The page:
Tag Archives: Smoking Ban
City Council in Ypsilanti, Michigan, last week approved an ordinance that would prohibit smoking at all three children’s playgrounds in the city.
According to Bob Krzewinski of the Ypsilanti Parks and Recreation Commission, they have no intention to make this policy a priority and no one will be sitting out there and writing tickets. The main goal of the policy is to discourage people from smoking in parks as it may affect non-smoking visitors and their kids. Today many people are aware about secondhand smoke effects and they do not want to be exposed to it.
Also Krzewinski told that it is very important to prohibit smoking in parks because it will help to reduce litter in parks. Cigarette butts are hazardous for the environment as they need hundreds of years to be dossolved.
Krzewinski propsed to ban smoking in all Ypsilanti parks, but Council members told it is too early to talk about such initiative. However, he was glad that his idea to ban smoking at children’s playgrounds found support. He believes that soon the ban will be extended to all city parks.
During the public hearing no one expressed his opinion on the proposed ordinance to the city charter. Only DeBorah Borden from the Washtenaw County Tobacco Use Prevention Program spoke during one of previous public hearings. Thus he told that it is very important for the city to adopt a smoke-free ordinance banning smoking at playgrounds as it will be the first step towards promotion of a healthy lifestyle and clean environment.
The Recreation Department in Milford city, Connecticut, wants to prohibit smoking at Little League fields, city parks, beaches and other recreation areas. The city wants to join a number of Connecticut cities who already did it.
As Director of Recreation Paul Piscitelli says, by now it is only the idea, because the proposal was not brought officially to Parks, Beach and Recreation Commission.
Piscitelli told that over the last several years the department got a lot of complaints regarding smoking cigarettes online at ballfields.
The Recreation Department programs are destined for people’s health and wellness, and secondhand smoke has nothing to do with that. Smoking in public places is not only about secondhand smoke effects, but also about an example for others. When youth sees smokers everywhere, they start thinking that smoking is a normal thing.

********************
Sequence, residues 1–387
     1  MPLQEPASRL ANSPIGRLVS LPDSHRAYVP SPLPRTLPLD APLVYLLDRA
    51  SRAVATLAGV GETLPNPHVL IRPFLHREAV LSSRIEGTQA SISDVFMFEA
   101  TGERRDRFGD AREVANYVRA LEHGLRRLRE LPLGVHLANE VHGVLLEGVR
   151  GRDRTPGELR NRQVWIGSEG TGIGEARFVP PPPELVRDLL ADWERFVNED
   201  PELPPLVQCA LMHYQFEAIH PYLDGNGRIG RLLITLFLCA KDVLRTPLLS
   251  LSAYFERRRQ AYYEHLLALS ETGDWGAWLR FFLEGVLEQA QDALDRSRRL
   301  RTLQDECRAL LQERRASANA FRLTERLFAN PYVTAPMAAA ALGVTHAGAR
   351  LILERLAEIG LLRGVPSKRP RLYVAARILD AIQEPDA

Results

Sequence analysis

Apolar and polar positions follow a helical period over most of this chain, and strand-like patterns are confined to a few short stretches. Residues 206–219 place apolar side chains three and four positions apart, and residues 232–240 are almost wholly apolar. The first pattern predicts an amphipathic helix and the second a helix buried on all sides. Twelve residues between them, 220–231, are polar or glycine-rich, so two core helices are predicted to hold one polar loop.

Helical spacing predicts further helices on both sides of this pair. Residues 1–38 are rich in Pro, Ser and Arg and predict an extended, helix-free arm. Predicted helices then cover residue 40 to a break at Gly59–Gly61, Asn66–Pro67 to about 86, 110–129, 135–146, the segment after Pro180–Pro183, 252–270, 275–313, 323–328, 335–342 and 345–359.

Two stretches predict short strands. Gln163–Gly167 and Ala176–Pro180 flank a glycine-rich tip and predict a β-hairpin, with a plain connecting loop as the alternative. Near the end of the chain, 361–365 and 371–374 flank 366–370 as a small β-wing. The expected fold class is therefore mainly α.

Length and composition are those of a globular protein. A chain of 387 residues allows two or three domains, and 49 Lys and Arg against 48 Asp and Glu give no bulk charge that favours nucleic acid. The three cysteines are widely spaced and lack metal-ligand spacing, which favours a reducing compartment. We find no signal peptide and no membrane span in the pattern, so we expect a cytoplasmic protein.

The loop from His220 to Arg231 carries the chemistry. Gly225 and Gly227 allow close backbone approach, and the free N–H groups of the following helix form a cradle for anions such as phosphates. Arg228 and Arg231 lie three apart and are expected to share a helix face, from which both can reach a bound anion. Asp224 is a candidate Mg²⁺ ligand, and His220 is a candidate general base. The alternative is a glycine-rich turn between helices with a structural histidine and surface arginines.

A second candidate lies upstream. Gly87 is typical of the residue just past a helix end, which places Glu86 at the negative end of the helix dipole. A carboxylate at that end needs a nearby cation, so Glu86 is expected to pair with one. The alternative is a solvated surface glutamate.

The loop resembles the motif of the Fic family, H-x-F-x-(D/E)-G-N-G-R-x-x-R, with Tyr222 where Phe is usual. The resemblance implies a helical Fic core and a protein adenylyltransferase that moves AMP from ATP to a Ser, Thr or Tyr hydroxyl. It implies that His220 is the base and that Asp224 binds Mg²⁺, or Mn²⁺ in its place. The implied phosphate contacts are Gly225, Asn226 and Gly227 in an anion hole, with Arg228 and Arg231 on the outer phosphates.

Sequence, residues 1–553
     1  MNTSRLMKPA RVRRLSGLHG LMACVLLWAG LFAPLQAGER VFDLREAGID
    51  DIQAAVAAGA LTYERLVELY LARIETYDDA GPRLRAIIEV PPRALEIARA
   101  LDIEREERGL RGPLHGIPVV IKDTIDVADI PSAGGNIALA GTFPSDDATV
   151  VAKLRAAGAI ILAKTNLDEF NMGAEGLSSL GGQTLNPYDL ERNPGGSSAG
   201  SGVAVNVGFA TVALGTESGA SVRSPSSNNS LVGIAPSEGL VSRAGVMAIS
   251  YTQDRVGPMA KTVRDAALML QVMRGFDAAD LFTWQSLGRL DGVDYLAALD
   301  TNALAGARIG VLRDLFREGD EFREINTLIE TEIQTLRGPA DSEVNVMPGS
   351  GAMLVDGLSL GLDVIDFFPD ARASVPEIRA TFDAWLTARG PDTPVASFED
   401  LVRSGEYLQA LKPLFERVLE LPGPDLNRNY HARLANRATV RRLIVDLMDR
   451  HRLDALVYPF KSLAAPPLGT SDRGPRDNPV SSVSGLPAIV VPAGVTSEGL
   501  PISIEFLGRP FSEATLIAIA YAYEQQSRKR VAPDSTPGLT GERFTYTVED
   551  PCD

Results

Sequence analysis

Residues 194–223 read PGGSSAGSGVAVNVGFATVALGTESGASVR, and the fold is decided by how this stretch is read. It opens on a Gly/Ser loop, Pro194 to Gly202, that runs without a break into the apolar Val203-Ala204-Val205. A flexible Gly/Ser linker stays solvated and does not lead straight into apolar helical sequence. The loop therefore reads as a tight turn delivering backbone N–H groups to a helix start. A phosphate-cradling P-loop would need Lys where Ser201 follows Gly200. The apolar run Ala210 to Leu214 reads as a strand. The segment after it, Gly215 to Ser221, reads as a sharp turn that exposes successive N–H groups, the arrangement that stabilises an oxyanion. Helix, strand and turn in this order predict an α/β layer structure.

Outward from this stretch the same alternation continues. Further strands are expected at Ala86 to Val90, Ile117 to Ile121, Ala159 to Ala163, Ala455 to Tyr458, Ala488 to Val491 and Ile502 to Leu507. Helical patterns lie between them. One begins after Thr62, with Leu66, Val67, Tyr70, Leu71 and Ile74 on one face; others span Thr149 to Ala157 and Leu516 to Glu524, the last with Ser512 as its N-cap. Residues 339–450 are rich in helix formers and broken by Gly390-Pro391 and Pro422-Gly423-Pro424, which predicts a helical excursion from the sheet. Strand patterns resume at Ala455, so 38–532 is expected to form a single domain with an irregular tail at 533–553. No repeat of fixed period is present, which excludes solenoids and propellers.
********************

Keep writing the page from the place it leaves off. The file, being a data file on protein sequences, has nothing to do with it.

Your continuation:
According to Chris Stan, spokesman for the state’s Department of Health, the Tobacco Use Prevention and Control Program works together with municipalities to make their parks, beaches and recreation areas smoke-free. Totally there are 169 municipalities in Connecticut, and among them 12 implemented a smoke-free policy in parks and beaches.
Guilford prohibited smoking on beaches 20 years ago. The main reason for that decision was to reduce litter on beaches and prevent kids from picking up cigarette butts. Parks and Recreation Director Rick Maynard told the sand was like a “giant ashtray” to smokers. Today people caught smoking on Guilford beach will have to pay a fine of $50-$90. It is a well known fact that cigarette butts are extremely difficult to remove from sand.
Alex Palluzzi, Department of Parks and Recreation in Branford, saus that it is a great idea to implement smoking ban in the municipality, but the issude should be researched first.
Last week District Board of Commissioners in Chicago with the majority of votes adopted an ordinance which prohibits smoking in city parks and harbors. The ordinance comes into action immediately. Previously smoking ban ordinance was adopted in 2007 and it prohibited smoking on playgounds, beaches and buildings situated on Park District.
The change came right before Riot Fest music festival that took place at Humboldt Park on weekend. There will be placed no-smoking signs in parks to inform people about the ban. The ordinance prohibits use not only of cigarettes but also of cigars, e-cigarettes, pipies and marijuana.
Joel Africk, president and CEO of the Respiratory Health Association, says that the smoking ban in parks follows three major aims:
– to reduce litter in parks;
– protect people from secondhand smoke exposure;
– encourage people to quit.
It is considered that the less children will see people smoking Camel cigarettes in public places the more are the chances they will keep away from the habit in their adult age.
However, the anti-smokng ordinance raised questions on how it will be applied. Commissioner Vice President Avis LaVelle says that there should be a concrete idea of that, but it is clear that it is the police who will watch out for the enforcement. The fine for breaking the law is $500.
Recently the American Lung Association visited ten parks in Chicago and found out that only one of them had a no-smoking sign behind the playground. They say that all parks should have these signs.
Smoking in parks was banned in New York City in 2011 and in Boston in 2013. Generally, more American cities and counties ban smoking in aprks. Thus authorities in Kent County discuss the smoking ban in parks.